Todd Stroger: You Are Now Entering... The Screw It Zone
By Kevin Robinson in News on Jul 8, 2010 2:20PM
There is a fifth dimension, beyond that which is known to man. It is a dimension as vast as space and as timeless as infinity. It is the middle ground between light and shadow, between science and superstition, and it lies between the pit of man's fears and the summit of his knowledge. This is the dimension of imagination. It is an area which we call The Screw It Zone. Presented for your consideration: One Mr. Todd Stroger, (soon to be former) Cook County Board President. Stroger ascended to his seat in a Machiavellian deal with the devil, taking power in the second most populous county in the United States after his father succumbed to a stroke. But all is not well in the heartland.
Todd Stroger has attempted to reward those that supported his failed bid for re-election, with patronage, no-bid county contracts and sultry affairs between cousins and felonious busboys. Some of these endeavors have been successful, while others have been met with criminal investigations and public outrage. Into this vortex of the human mind comes Vincent Williams. Mr. Williams is a local lawyer and government lobbyist, and he also ran Stroger's failed campaign for a second term as Cook County Board President. Stroger, a poor student, understands the importance of loyalty and rewarding those who support him, wants to appoint Willams to a $38,000-a-year seat on the county's Zoning Board of Appeals. But forces of space, time and clout are conspiring against him. Entering into this drama: The Board of Commissioners.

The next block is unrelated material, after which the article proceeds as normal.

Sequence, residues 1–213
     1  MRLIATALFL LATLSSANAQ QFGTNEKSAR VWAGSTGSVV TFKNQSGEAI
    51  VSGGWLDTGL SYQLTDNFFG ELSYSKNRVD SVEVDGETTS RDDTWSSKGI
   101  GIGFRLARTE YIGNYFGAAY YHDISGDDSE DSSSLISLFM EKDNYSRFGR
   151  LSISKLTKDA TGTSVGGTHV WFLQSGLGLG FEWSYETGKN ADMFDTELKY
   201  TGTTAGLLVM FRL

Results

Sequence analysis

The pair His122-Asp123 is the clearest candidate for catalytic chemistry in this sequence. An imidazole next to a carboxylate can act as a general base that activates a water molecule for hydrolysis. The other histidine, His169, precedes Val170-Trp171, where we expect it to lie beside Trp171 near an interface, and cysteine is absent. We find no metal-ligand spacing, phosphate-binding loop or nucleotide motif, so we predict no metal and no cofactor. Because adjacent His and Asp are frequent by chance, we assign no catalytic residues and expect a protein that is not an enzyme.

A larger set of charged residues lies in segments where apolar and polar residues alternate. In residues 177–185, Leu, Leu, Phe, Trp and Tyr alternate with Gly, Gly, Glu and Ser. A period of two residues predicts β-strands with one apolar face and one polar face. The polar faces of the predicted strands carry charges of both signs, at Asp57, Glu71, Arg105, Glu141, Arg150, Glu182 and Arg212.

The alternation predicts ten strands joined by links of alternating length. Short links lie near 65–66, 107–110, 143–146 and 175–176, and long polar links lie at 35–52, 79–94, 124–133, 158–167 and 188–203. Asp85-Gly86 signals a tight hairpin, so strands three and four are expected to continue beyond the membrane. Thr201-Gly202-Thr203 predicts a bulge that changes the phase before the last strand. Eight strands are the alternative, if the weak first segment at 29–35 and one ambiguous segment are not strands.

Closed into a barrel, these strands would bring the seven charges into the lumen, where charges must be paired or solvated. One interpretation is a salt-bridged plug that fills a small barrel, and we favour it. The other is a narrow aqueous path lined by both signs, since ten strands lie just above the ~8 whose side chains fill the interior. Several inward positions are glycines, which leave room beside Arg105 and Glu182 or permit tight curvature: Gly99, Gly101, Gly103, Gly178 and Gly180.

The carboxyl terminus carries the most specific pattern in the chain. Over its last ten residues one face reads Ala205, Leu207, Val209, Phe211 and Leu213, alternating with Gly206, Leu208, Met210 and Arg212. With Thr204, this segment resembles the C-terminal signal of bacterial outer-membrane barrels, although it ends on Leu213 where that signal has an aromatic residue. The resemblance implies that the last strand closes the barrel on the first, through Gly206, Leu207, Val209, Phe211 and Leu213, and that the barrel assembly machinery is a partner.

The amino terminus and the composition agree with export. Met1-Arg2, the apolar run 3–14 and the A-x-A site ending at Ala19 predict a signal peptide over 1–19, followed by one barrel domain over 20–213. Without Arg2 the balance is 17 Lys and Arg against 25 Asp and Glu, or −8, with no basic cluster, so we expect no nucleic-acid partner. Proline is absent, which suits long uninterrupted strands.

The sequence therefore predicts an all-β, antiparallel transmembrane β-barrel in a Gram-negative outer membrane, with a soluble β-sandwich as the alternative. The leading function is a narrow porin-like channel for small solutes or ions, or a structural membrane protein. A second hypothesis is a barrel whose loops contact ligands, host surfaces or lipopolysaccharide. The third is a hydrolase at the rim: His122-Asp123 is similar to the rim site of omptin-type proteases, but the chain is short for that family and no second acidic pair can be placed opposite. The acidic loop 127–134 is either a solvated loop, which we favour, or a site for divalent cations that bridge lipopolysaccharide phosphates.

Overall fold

"I think it would be highly inappropriate . . . now that there's some evidence that Mr. Stroger has been rewarding campaign workers with contracts, jobs and other taxpayer paid-for gifts which I find highly objectionable," west suburban Republican and frequent Stroger foe Cook County Commissioner Tony Peraica, told the Sun-Times. Commissioner Edwin Reyes, a Northwest Side Democrat said "it's the same old story --these guys that worked on the campaign, he's trying to take care of them now." Reyes says he wants to talk to other commissioners about the appointment, as their approval is necessary for the appointment to go through. The board is expected to vote on the matter Tuesday. Many commissioners say they'r eon the fence about the appointment. Whether this episode ends in an ironic twist remains to be seen.